2 days later, Soto resets best with 466-ft HR

August 13th, 2020

What’s more jaw dropping than a career-best 463-foot home run? A 466-foot drive two days later.

surpassed his personal mark when he crushed an 89.7 mph slider off Mets starting right-hander Robert Gsellman to the Coca-Cola Corner of Citi Field in the first inning on Wednesday in the Nationals' 11-6 loss.

“Again, I just want to see how far it lands,” Soto said. “It feels good.”

The monster homer was the fifth-longest tracked by Statcast from a Nationals player since 2015, and its 112.9 mph exit velocity is the fourth-hardest hit by a player for the club.

"A home run's a home run,” Gsellman said. “It doesn't matter if it barely goes over the fence or goes 500 feet over the fence. It's still going to be three runs.”

Soto wasn’t done there. Not even close.

In the sixth inning, Soto sent lefty Justin Wilson’s 91.4 mph cutter a Statcast-estimated 403 feet into left-center field. His fourth home run of the season -- and 60th of his career -- exited the park at 102.6 mph.

“When he’s swinging the bat like he is now, you very rarely see him swinging at balls outside the strike zone,” manager Dave Martinez said.

Pummeling home runs has become second nature in just his third season. Wednesday marked his sixth multi-home run game, tied with Andruw Jones and Cody Bellinger for the third most in the category by a player 21 years old or younger. He trails only Mel Ott (8) and Eddie Mathews (7).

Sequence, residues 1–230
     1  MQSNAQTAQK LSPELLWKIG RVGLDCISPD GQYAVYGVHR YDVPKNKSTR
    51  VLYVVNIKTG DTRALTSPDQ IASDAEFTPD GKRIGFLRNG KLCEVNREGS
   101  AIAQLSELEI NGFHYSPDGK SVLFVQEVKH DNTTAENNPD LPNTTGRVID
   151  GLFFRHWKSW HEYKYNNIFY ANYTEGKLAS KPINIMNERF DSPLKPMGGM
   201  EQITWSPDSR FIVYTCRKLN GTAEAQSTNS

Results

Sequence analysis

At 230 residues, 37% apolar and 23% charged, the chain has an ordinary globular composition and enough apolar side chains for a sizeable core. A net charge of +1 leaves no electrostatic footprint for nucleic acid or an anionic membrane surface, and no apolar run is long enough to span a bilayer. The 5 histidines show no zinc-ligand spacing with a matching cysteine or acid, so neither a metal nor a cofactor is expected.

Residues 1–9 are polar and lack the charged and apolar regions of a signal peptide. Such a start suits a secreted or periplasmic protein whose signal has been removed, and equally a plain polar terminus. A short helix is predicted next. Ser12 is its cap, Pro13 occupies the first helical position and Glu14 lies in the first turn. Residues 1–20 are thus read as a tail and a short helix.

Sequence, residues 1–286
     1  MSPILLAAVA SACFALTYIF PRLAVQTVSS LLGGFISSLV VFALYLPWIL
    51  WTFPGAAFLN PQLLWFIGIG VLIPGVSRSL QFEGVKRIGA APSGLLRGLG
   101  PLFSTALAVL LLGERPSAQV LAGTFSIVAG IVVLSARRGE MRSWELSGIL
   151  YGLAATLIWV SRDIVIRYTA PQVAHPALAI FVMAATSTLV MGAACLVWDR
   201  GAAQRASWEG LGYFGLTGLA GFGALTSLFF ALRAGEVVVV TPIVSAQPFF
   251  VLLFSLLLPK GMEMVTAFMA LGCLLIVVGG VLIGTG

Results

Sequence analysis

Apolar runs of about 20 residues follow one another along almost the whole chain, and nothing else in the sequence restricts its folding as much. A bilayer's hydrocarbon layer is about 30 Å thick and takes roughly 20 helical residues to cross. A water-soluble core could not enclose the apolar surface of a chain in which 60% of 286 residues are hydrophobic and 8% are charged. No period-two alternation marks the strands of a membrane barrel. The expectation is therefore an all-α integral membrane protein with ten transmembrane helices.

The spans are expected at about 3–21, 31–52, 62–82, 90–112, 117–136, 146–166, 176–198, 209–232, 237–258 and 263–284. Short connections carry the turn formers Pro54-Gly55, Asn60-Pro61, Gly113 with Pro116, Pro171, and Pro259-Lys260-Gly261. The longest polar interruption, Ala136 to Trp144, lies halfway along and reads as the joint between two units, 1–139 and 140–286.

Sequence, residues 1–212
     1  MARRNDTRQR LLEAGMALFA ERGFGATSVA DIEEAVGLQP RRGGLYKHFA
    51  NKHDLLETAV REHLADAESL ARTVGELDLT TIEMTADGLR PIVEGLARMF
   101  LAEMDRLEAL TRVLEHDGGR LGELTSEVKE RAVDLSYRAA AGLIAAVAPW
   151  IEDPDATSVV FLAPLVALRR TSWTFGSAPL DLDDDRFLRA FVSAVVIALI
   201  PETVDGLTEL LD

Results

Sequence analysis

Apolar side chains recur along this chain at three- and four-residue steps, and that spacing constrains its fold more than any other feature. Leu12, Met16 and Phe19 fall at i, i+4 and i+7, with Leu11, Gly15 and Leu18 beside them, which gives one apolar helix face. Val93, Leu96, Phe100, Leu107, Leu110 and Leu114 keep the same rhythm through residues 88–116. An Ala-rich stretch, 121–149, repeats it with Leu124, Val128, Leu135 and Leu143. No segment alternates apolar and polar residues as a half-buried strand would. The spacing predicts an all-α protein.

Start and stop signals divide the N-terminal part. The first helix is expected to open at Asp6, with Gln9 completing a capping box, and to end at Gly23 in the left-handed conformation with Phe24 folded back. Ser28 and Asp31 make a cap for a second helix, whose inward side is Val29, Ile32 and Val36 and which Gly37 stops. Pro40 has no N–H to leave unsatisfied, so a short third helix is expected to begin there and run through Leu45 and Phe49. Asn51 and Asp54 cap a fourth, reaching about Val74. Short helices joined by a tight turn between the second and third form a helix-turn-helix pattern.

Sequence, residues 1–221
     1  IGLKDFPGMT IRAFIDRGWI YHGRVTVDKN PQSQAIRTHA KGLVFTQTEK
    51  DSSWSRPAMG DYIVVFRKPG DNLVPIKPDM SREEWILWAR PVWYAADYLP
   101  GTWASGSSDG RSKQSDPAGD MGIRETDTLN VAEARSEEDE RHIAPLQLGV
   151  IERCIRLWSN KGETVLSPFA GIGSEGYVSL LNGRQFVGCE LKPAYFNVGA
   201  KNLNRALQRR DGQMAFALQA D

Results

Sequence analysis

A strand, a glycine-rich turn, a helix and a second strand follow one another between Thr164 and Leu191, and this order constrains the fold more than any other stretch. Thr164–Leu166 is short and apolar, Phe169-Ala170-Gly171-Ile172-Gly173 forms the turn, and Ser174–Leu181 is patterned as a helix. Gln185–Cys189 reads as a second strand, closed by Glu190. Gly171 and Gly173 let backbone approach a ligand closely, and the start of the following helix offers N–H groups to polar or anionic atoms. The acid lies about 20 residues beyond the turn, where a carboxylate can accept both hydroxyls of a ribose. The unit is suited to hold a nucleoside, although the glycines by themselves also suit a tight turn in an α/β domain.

Soto also is tied in fifth place with Ken Griffey Jr. and Frank Robinson for homers before age 22 (60).

Sandwiched between the two home runs was an important moment, even if it resulted in an out. In his second at-bat of the game in the third inning, Soto grounded to shortstop and into a double play. The result was not satisfactory to him, and he tapped into his diligent preparation to resolve it his next time at the plate.

“He makes in-game adjustments better than any young hitter I’ve ever seen,” Martinez said. “And he did. He said, ‘Hey I’m going to stay in the middle of the field next time and really try to stay up and stay over the baseball.’ As you can see, when he does that, he hit the ball a long way.”

While Soto’s stats quickly pile up, he is taking his success one step at a time. He didn’t view Wednesday’s performance as a multi-homer game, but rather as four separate opportunities at the plate.

“I just take one at-bat at a time,” Soto said. “Every time I’m going to hit, I’m going to swing, it doesn’t matter if I hit a home run in the first at-bat -- I’m going to fight my second at-bat, my third and my fourth. I just forget about what I did and just try to concentrate on the next at-bat.”

He added a line-drive single in the eighth, bringing his night to 3-for-4 with two runs and four RBIs. Soto, who made his season debut on Aug. 5 after being reinstated from the COVID-19 injured list, is hitting .423 with nine runs batted in over his first seven games.